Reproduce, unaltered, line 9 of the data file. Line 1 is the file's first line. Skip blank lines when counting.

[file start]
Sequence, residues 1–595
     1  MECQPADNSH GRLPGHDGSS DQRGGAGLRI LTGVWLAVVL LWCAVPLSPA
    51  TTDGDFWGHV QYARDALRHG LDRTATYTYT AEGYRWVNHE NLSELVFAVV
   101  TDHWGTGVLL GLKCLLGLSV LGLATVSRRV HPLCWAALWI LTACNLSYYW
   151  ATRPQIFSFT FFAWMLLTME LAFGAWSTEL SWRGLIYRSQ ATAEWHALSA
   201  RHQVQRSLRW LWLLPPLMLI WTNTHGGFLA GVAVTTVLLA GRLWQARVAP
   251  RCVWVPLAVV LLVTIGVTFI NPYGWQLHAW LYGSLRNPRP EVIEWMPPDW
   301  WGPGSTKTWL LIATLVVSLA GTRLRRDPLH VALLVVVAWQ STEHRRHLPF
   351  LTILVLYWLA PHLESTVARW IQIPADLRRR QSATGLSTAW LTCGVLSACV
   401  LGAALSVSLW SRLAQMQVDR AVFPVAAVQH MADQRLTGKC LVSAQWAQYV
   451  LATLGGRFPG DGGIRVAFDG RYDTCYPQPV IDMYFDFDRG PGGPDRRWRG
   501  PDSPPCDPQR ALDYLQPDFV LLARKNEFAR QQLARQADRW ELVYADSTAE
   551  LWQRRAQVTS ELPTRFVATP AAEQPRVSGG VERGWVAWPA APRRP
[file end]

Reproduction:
   351  LTILVLYWLA PHLESTVARW IQIPADLRRR QSATGLSTAW LTCGVLSACV